Author — Rob Fawcett


1:03 - Inaccurate statement from my view point. Those 5 cars you mentioned didn't jam themselves between Lewis and Max because of Max pitting, they were always going to come into play. Lewis lapped them before the crash/Safety Car. If you recall team radio between Bono and Lewis, Bono clearly stated Max had to contend with back markers, hence gap was communicated as 12 seconds + lapped cars. Martin Brundle and David Croft from SkySportsF1 even said the DRS train is going to make Max struggle passing the cars because on the 2 DRS zones, because they had DRS on each other.

This meant Max would struggle passing them on the straights. And have to wait for the slower corners for them to move out the way. The Redbull went low down force changing the rear wing for the final race, compromising slow corner performance. You can do the maths and strat why the changed Max to the supersoft and pressured Masi to clear lapped cars only after they saw were Max came out. Why did Horner wait for Max to comfortably behind the "gap of lapped cars" to call for 1 lap shoot out, why not a 2 lap shoot-out with both cars on super softs.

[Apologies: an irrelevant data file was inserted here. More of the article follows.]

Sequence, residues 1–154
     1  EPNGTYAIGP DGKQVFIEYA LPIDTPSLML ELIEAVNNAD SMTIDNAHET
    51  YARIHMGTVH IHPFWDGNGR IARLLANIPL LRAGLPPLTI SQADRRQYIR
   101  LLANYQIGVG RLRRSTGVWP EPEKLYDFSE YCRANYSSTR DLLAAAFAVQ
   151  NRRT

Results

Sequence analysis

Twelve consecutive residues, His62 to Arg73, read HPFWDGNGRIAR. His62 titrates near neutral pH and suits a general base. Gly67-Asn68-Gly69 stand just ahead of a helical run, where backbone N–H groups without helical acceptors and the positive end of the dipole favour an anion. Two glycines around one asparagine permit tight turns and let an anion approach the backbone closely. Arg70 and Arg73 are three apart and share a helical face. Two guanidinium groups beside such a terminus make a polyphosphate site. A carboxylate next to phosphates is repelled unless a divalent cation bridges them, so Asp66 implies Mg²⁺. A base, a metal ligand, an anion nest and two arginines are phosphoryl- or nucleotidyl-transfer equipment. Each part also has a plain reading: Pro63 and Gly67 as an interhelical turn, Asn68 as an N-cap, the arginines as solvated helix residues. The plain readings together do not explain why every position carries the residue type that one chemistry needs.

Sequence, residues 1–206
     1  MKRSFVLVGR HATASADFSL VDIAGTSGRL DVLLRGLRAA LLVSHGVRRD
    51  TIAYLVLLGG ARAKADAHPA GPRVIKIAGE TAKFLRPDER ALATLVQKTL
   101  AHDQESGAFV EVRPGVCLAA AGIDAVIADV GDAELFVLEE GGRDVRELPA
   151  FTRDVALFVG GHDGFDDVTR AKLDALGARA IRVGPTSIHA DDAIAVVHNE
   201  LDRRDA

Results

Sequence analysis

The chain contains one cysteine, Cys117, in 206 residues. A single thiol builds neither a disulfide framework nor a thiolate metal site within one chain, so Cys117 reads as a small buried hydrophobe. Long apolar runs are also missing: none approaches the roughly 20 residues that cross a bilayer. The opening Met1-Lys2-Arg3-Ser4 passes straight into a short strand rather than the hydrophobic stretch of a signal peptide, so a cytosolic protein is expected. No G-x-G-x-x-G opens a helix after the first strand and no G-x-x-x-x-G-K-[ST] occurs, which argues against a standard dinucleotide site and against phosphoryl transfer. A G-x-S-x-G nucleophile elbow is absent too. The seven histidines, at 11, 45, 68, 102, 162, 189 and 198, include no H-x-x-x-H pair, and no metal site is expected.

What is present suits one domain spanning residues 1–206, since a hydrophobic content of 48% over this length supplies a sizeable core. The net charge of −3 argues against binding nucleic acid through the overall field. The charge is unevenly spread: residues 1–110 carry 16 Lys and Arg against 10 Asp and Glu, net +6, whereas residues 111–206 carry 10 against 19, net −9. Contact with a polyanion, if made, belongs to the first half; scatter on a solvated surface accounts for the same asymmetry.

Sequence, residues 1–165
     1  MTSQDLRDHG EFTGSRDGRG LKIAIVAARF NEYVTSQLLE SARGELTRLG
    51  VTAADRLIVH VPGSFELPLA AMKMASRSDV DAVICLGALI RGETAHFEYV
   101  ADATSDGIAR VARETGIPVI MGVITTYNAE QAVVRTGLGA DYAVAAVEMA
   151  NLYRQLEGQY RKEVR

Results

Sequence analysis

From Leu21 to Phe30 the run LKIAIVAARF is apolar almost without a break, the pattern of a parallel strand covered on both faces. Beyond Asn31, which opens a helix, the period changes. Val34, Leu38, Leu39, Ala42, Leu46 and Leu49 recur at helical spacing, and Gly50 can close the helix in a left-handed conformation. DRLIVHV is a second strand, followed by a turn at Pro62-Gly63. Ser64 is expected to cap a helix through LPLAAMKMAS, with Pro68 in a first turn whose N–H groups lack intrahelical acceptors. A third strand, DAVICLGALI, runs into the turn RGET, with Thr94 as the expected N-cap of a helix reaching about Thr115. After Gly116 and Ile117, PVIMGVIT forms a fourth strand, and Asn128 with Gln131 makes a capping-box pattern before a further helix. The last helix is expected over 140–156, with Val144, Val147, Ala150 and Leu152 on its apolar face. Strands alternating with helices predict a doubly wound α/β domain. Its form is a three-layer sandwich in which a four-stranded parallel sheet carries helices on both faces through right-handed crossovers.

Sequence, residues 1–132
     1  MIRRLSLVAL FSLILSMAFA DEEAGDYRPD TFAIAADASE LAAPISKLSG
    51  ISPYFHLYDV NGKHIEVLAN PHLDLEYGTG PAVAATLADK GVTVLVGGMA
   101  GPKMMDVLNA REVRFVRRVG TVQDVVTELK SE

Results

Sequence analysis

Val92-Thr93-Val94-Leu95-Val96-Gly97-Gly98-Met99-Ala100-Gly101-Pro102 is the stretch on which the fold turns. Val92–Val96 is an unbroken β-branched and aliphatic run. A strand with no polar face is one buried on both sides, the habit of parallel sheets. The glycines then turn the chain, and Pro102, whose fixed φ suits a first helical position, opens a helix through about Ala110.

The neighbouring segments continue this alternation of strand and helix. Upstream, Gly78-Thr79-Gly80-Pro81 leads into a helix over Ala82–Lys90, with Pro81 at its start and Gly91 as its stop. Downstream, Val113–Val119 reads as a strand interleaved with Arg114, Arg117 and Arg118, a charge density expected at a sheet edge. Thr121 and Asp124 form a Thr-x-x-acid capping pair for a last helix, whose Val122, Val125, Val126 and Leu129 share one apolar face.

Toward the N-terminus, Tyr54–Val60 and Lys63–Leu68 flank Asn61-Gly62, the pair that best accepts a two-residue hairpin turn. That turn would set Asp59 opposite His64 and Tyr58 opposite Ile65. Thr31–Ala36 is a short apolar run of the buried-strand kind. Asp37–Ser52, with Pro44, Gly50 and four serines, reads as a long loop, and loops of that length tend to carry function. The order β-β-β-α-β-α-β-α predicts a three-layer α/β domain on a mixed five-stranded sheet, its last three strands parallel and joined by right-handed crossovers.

Lapped cars can work both for you and against. Max once used Schumacher for DRS to defend Hamilton in the last lap, rewind Circuit of the Americas. Horner at one stage was going off at Haas to get Schumacher out the way so as to not slow Max down but fortuitously he picked up a slip stream and DRS.

So Mercedes and Bono strat was based on no lapped cars passing as a buffer between Max and Lewis, had they known the lapped would go through, Lewis could have had an option to pit.